Thomas listened, and basically shot down the entire idea. It simply wasn’t feasible or in the budget. He would try to see about getting me paid in a timelier manner and throw me a couple of extra foils, but he wouldn’t be able to commit to me as a full time freelancer. (I’m happy to report that freelance reporters have been paid in a much more timely fashion in the post-Thomas era.)
That really sucked. I had lost my writing position at MagicTheGathering.com two weeks earlier (that’s a story for another day), and had basically been blocked from doing tournament coverage as a full time job. I didn’t want to start doing database work in New Orleans full time, but I really needed to make ends meet.
Enter Pete Hoefling, owner of StarCityGames.com.
Pete contacted me completely out of the blue in late January, 2003. StarCityGames.com had grown large enough that Pete was having trouble keeping up with all the Magic cards on his own, and was thinking about hiring someone to be his full time Magic Manager. Our e-mail correspondence went something like this, and was over the course of a day or two:
Pete, first e-mail:”Hey Ben, I was thinking of creating a position of Magic Card Manager for our company. This person would be in charge of grading and sorting cards, pricing cards, and dealing with the cards. Would this be a position you are interested in?”
Me, first response:”Sounds great. I’ll take the job. Let’s work out pay and I’ll move to Roanoke.”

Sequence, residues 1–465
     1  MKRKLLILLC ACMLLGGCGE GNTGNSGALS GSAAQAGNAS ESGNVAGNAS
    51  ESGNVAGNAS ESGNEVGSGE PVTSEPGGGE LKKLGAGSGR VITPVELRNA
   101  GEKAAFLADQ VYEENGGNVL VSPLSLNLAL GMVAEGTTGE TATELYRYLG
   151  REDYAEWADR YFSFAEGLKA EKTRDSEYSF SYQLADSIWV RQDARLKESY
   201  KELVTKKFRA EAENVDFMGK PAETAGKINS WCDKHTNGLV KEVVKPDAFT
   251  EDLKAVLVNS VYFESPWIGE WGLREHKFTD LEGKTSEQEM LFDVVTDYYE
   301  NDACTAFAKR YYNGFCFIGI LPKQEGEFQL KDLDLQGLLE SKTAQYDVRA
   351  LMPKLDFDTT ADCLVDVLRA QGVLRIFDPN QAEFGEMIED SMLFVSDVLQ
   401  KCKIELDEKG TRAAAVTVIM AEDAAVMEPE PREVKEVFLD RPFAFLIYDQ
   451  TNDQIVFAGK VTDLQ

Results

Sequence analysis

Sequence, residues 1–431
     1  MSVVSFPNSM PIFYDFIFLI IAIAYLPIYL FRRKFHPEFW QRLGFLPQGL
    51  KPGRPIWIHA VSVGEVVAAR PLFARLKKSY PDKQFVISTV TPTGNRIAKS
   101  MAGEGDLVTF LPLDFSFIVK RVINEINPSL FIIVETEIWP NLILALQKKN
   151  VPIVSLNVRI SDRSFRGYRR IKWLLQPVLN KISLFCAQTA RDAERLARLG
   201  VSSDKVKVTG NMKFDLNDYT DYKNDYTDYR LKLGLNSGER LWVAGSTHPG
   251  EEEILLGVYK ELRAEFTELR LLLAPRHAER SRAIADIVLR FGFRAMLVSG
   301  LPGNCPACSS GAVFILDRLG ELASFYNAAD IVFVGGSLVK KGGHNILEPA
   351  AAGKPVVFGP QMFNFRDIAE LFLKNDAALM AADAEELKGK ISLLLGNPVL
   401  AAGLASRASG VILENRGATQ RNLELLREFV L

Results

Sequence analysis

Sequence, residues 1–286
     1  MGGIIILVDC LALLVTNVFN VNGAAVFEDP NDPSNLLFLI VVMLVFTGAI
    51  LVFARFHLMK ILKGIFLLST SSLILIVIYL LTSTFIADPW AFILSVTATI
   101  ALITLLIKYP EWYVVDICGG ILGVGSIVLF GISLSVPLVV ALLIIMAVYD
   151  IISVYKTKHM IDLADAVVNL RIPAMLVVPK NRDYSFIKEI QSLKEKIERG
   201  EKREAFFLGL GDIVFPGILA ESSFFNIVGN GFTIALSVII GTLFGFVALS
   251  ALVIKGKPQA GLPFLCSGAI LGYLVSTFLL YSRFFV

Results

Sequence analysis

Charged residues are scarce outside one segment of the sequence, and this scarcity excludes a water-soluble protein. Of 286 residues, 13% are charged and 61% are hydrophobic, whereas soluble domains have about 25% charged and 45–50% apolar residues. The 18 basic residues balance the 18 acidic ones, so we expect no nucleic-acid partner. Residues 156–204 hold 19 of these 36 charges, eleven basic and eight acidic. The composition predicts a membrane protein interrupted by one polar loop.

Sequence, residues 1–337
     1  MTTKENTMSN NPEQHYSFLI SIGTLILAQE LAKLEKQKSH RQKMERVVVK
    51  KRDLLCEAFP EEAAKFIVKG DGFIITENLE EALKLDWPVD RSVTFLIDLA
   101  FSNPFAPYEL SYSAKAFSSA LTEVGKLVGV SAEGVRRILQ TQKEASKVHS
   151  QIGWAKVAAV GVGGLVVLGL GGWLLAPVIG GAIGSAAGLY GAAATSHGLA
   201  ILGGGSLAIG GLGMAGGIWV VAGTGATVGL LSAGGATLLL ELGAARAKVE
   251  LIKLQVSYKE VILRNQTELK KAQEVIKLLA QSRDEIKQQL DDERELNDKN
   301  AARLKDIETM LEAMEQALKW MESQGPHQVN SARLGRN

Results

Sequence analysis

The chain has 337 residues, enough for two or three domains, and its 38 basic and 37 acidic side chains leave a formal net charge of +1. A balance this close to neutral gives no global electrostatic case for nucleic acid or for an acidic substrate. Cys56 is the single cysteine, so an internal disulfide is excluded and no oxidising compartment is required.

Pete, second e-mail:”Um….I’m still not sure I’m creating the position, right now I’m just gauging interest. Can I take it that you’re interested in the job?”
Me, on the phone:”Pete, I just got your e-mail. You don’t understand. I’ll take the job. I’m experienced with every aspect of the job, and I know I could do the job well.”
Pete, on phone:”Ok, send me your resume and I’ll look it over.”
Me, second e-mail: I sent Pete my resume, which I had conveniently had updated a week or so earlier. Gee, I wonder why I had done that?
Pete, third e-mail:”Wow, I never knew you worked for Neutral Ground. I think you’d pretty much be perfect for the position. I’ll have an offer to you within a week.”
Pete, a couple of days later:”Ok, here’s my offer. Please don’t show it to anyone else while we’re negotiating.”
Me, accidentally sending the response to The Ferrett and Pete, because I got it mixed up with an e-mail I had been writing to The Ferrett at the time,”Ok, I want this, this and this changed.”
The Ferrett,”Um, I don’t think you meant to send this to me chief.”
Pete,”God damn it! Was I not clear about not sending this to anyone else?”
Me, patching things up,”Sorry Pete, it was a completely accident! It won’t happen again. Blah blah blah explain how I got the two e-mails mixed up blah blah blah Jesus H Christ, I can’t believe I just did that when I’m trying to get this job blah blah blah I am the biggest idiot on earth blah blah blah there goes this job.”
Luckily for me, Pete Hoefling is literally one of the most understanding human beings on Earth. We smoothed that snafu over, and within a week I had packed my belongings and Sir Charles and Xialou into a U-Haul and was on my way to Roanoke to start my career with StarCityGames.com.
Bonus Trivia section: What was my first official task as a StarCityGames.com employee?
A) Grading cards
B) Sorting cards
C) Buying cards
D) Selling cards
E) Pricing cards
F) None of the above
The answer is, of course,”F) None of the above.”
My first official job, as an employee of StarCityGames.com, was to shovel and salt the front walk.
I tell you, I took this job for the glamour and fame.